Europe’s Great Powers And The ‘Suicidal’ War

The four years of the First World War, between 1914 and 1918, saw nations left almost lifeless and battles fought all around the world, but all of which started in Europe. According to British historian Michael Howard, the First World War, like many other conflicts before it, erupted due to conflicting ambitions and discouragements between the greatest European powers.

Interesting is the fact that all these huge European powers –  Britain, France, Germany, Austria-Hungary, Russia and the Ottoman Empire seemed to remain unchanged since the 18th century in several ways, while some of them were even ruled by the same dynasties which had ruled for centuries before. A good example would be: Kaiser Wilhelm II in Germany, George V of Britain and Russia’s Tsar Nicolas II, who are known to had been cousins.

Beginning with the early days of the 20th century, Germany, France and Britain were responsible for over a third of the world’s industrial production, while the United States was still the largest single economy in the world. Competition and conflict aroused when each of these rival empires began to show huge interest in political, military and commercial power, which later became a longing for supremacy and which was so strong and so feared by the great nations, it gave birth to the bloodiest slaughter of the century.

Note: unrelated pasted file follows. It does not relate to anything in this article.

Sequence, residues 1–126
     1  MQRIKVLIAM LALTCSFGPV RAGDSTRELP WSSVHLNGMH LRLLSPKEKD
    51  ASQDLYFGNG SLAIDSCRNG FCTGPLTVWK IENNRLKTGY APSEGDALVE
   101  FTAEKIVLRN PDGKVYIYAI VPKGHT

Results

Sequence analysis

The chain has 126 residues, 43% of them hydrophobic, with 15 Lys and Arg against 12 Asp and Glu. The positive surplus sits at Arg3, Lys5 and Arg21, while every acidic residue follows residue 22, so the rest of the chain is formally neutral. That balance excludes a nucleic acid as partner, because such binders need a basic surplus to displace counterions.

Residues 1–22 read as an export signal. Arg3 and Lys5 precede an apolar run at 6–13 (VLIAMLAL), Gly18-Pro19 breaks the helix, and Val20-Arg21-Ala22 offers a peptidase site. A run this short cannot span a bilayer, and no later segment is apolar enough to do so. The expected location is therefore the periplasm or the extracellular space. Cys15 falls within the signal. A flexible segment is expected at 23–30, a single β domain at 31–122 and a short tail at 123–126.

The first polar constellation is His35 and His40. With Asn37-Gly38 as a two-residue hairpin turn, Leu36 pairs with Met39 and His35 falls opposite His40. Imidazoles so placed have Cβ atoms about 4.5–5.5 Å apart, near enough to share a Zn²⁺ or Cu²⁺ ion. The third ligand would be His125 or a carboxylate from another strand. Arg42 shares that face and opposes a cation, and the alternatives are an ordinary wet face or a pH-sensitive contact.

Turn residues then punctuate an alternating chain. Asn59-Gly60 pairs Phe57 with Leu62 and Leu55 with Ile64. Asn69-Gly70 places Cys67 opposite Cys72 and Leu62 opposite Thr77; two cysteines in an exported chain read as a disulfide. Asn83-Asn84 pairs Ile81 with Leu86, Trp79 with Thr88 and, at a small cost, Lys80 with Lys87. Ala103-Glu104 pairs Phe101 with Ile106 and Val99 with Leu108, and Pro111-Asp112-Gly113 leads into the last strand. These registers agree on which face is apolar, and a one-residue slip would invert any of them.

Germany wanted to take over the Royal Navy and rule the seas which got the British leaders a little worried, not mentioning the fact that the same need of increasing its colonial empire raised tensions in Britain and France, the ENCA reports.

On the other side, Russia and the Austro-Hungarian Empire were craving for the power of the Balkans, which were highly under the influence of the Ottoman Empire. Two significant incidents can be labeled as reasons for the outbreak of the First World War between October 1912 and the early days of 1913.

The ‘Balkan League’ was formed by Bulgaria, Serbia, Greece and Montenegro. Only one of the Allies actually got engaged and that was Russia, which went on Serbia’s side just in the name of pan-Slav solidarity, while all the other powers remained neutral during the development of these Balkan crises.

In the meantime, all Europe’s great powers started playing some kind of team’s game, which led to the establishment of two rival alliances. Germany, The Austro-Hungarian Empire and Italy formed the “Triple Alliance”, while France, Britain and Russia became the “Triple Entente”.

“The mood was one of nationalism, as well as a great deal of anxiety, a fear of being outmanoeuvred by the other side,” said German historian Gerd Krumeich.

Ian Harvey

Ian Harvey is one of the authors writing for WAR HISTORY ONLINE